Nighty Night (2004-2005) is Julia Davis’ sitcom starring Julia Davis, Rebecca Front, and Angus Deayton. There are two seasons of six episodes each. It’s available on Hulu Plus and region 2/PAL DVD.
If you like psychopaths and con artists (hey, who doesn’t?), this is the show for you. At first, it seems unlikely that a psychopath could get her own hair salon, but when you meet the gullible losers working for Jill Tyrrell (Davis), it starts to make sense. If she can con her way into a marriage, why can’t she con her way into a career?
But her marriage is starting to get in the way of her other cons, so when her hapless husband Terry (Kevin Eldon) is diagnosed with cancer, she’s quick to check him into the hospice, even though he’s cured. She needs him out of the way if she’s going to swoop into Cathy Cole’s (Front) life and steal her husband, Don (Deayton) from her.
Julia Davis is the writer and star of Nighty Night, as well as Human Remains alongside Rob Brydon. In addition to sitcoms, she’s starred in sketch shows like Jam and Big Train. Her latest project is called Camping.
Don’t make the mistake I made upon watching the first episode: Jill is not the protagonist. You are not required to have any sympathy for her. Like watching a massive pileup on the motorway, it’s horrible to watch her destruction of people’s lives but impossible to look away.
Though there are many excellent actors in Nighty Night–from Mark Gatiss as Jill’s next conned husband Glenn, to Felicity Montague as Cathy’s busty best friend Sue–the real stand-out performance is Gavin & Stacey‘s Ruth Jones as masochist scapegoat Linda. The flat delivery and perpetual look of confusion sparks laughter with almost no effort.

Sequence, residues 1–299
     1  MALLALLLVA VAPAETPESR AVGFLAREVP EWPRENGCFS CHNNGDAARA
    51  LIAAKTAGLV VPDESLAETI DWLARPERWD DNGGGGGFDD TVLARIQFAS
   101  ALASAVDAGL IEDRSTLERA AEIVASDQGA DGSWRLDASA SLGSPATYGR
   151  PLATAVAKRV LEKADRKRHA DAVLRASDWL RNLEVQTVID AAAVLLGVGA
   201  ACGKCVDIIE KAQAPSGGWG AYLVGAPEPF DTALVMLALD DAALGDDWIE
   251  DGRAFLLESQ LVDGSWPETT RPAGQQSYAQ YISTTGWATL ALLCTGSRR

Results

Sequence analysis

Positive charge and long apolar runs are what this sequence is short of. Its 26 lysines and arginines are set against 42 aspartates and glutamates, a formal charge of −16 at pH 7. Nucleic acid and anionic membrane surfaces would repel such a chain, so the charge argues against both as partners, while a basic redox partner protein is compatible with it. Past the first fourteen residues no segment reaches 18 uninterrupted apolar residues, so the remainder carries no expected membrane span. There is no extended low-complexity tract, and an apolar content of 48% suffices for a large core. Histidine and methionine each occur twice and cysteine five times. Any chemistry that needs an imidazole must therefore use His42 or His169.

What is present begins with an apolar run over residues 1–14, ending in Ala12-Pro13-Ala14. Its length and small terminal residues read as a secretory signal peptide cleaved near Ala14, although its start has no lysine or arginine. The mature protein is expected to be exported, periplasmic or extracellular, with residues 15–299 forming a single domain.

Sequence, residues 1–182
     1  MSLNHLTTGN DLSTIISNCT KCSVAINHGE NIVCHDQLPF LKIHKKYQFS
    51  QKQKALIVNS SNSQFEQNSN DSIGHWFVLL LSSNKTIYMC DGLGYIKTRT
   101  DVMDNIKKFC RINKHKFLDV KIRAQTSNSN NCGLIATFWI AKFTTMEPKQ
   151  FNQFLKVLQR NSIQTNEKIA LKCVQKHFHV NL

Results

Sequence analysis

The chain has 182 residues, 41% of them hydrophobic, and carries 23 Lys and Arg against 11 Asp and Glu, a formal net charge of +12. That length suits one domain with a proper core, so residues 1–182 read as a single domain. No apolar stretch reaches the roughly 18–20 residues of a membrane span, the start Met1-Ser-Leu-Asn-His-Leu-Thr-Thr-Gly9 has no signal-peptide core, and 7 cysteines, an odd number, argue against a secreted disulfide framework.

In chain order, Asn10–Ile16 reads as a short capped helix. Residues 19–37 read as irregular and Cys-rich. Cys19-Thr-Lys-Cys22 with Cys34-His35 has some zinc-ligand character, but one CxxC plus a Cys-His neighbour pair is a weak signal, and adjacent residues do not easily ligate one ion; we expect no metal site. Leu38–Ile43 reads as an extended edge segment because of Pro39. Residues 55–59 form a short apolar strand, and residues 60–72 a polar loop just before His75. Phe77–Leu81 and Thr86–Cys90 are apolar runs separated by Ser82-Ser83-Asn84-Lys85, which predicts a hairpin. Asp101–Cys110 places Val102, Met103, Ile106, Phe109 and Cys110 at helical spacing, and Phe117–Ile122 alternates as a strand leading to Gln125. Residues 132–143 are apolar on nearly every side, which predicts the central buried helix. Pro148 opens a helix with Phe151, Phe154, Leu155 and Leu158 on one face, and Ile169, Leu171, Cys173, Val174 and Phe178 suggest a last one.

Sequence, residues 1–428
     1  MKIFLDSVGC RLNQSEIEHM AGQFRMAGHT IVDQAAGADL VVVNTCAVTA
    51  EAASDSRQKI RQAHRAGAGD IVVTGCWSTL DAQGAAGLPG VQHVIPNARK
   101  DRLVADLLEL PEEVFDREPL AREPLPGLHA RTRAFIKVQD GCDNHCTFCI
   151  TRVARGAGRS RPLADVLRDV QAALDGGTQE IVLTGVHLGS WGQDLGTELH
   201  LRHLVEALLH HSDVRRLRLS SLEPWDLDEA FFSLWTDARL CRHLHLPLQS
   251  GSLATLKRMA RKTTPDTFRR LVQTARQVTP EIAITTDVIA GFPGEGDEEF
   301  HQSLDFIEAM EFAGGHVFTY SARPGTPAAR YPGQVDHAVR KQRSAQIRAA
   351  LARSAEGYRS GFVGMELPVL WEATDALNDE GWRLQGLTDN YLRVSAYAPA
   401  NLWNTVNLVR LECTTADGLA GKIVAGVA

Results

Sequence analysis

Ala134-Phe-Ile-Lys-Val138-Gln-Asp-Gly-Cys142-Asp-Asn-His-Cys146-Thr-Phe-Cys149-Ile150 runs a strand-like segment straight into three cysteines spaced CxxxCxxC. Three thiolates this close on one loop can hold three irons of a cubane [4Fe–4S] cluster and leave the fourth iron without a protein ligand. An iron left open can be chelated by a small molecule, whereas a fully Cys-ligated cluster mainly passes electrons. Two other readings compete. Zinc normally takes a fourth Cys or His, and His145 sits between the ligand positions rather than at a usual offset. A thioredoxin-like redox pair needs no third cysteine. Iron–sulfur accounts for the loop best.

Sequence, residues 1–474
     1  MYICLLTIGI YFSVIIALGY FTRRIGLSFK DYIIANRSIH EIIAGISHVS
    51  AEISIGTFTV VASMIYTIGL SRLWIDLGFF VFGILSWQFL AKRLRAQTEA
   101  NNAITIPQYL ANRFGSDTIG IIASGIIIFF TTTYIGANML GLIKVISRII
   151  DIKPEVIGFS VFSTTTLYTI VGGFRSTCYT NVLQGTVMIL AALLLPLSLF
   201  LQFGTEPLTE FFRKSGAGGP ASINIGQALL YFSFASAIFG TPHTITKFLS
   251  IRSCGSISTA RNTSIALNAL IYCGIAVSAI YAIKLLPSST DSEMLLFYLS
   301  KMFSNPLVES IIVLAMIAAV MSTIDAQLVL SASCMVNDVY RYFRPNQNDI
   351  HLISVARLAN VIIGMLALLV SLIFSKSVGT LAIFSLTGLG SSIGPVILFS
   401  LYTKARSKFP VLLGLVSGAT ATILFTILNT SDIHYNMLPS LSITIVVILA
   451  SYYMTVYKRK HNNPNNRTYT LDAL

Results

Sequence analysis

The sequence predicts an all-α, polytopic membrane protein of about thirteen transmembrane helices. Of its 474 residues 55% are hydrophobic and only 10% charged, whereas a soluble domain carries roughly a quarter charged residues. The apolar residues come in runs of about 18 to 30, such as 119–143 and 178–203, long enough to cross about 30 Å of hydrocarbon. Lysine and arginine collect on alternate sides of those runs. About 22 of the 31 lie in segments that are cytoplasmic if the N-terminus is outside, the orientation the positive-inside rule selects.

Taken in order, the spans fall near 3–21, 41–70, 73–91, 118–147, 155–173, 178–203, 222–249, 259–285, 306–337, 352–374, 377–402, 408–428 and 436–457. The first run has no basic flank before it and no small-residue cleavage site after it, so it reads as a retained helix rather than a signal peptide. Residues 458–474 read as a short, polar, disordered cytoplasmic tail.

Jacques: “There’s room for fun. We’ve all got a clown inside us sometimes.”
Jill: “I’ve never done it with a clown.”
Linda: “I have.”
Really really really not safe for work! I’m not a fan of sex & vomit humor. I can take about as much as Green Wing before I switch off. This show is chalk full of it. While you have some hilarious clean scenes, like the entire scenario of pretending Terry is dead and staging a funeral for him, complete with horseback riding and interpretive dance, there’s also every kind of sex joke you can imagine and some you can’t (insemination of kidneys & beans lunch, for example). While there’s very little actual nudity or sex, by season 2 episode 4 when Jill’s trying to steal the (non-existent) semen out of Cathy’s ten-year-old son’s bedroom after sending Linda over to live nude model in front of him, it’s time to switch off.
Season 2 takes a big turn. Cathy and Don are now at The Trees, a religious home where they are trying to sort out their marital problems. Although Jill is now married to Glenn Bulb (falsely believing she’d strangled Terry to death), she’s still after Don. I don’t think any of us would be surprised if Don wound up like Terry in 15 years, thrown out with the rubbish (quite literally).
Ultimately, it is very well-written. The gags are great. If you like dirty humor, you’ll love Nighty Night. If you’re squeamish, you should probably just watch season 1.
Jaime Pond is the editor of Anglonerd. She lives and works in NYC. Follow her on Twitter.
Originally posted Dec. 16, 2015